Jack Jack - 1 year ago 68
Python Question

Use of 'global' in python across multiple scripts- Python 3.5 [Solved]

[To start with, I am truly sorry about my code as it I know it is probably hard to understand. I only really started learning Python last year and my teacher hardly understands it himself.]

I am attempting to make a text-based game in Python 3.5.1, and have it spread across 4 separate python files: 1 with the main game, 1 with the inventory system, 1 with other functions and the last with a character creation.

I was wondering how I am supposed to use global variables and functions, and have found in my searches that global variables are seen as a bad way to fix problems, but have not found an alternative that would suit my game. In How to make a save/load game for a text based python rpg?[SOLVED], they use global to define game_state but nothing else, but I have tens of variables defined in functions for ease of re-using the same code. For example:

def expadd(amount):
global level, totalxp, exp, expbound, p1, p2, p3, p4, p5
print("\nYou gained",str(amount),"exp!")
exp = exp + amount
totalxp = exp
while exp >= expbound:
expbound = int(p4 / p5 + 20)
exp = exp - expbound
level += 1
print("\nLevel up! You are now level",str(level)+"!")
expbound = int(p4 / p5 + 20)
nextlevel = expbound - exp
print("\nYou are",str(nextlevel),"exp away from the next level!")

Is this a good way to go about a function? I wouldn't have thought that you would have to type out all of this code any time the player may level up, though from what I have seen elsewhere nobody has actually used so many globals as I have here. (the p1-5 variables are from a separate function so they can be redefined as the player levels, should they be in this function too?)

def addpoints():
global charpoints
charpoints = charpoints + int(level * 2)- int(level / 2) - 1

In this section, charpoints (character points) are added after the player levels up, and is called for ease of use instead of typing out all of the code every time I need it. I use this sort of function many times throughout my code, is this wrong? Furthermore, is there an simpler way of making easily-readable code than having it across multiple scripts and using a lot of functions and global variables?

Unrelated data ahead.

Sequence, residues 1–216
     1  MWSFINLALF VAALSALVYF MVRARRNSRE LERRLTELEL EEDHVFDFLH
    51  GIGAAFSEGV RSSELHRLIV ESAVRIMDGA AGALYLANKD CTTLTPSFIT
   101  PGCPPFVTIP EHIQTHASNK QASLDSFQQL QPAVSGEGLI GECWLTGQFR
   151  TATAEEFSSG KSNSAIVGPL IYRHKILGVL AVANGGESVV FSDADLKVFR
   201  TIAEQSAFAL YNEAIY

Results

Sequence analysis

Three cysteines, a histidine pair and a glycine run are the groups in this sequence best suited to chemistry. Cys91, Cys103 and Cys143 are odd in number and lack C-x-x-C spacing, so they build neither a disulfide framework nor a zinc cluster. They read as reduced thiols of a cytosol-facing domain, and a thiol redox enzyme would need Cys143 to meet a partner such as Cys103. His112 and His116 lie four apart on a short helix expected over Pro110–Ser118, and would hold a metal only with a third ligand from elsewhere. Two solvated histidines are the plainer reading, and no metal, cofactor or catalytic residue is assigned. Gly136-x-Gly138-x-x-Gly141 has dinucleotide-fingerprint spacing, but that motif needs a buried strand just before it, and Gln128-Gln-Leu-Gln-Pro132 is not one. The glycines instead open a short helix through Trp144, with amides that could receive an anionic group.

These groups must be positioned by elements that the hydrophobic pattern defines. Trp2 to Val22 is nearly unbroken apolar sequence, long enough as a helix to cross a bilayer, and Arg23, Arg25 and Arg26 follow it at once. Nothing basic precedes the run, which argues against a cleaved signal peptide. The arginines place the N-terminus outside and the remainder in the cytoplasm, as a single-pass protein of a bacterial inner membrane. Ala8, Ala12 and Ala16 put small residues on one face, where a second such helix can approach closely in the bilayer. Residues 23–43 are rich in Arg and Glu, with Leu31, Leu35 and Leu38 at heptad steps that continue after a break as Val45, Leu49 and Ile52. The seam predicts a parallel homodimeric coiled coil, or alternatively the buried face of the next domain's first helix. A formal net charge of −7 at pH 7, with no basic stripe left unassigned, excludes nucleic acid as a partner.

I am currently being given an NameError for the player's inputted gender, as it is from a function in another script, though it is globalised and imported into the main file how I thought is properly:

from GAMEFUNCS import gender, charname, charpoints, charstrength, chardefence, charspeed

I need to import it to the main file so I can set it to be saved, and even though it is globalised in the following code (and in the imported function), I still get the error.

def savewrite():
global qr, check, gender, charname, title, money, exp, totalxp, level
global health, hp, lives, charpoints, charstrength, chardefence
global charspeed, charintel
with open("save.csv",'w',newline='')as s:
csv_s = csv.writer(s)

Thanks in advance, and sorry for the amount of questions and lack of understanding :)

Answer Source

Globals are a bad idea for the reasons you are currently encountering. Take the following example:


a = "a"

def print_a():


from a import a, print_a
a = "b"

What will print if you execute python b.py? It will output "a", because the variable a is only set to "b" in the context of the b module. Globals make it very hard to control access and scopes of variables. It is better to put such state into some datastructures and pass them into the function. That way you are also more generic and you can reuse functions for different objects.


def addpoints(character):

    character.charpoints = character.charpoints + character.level * 2 - (character.level / 2) - 1

(This assumes that character is something like a namedtuple or something with the appropriate attributes)

That way you not only avoid globals but your function will also work for other characters like sidecharacters or teammember if you want to have multiple persons in the team or even enemies.

Without the stacktrace and the code that produces it it's hard to say why you get a NameError. I still hope that my answer gives you some insights why globals might be a bad idea.

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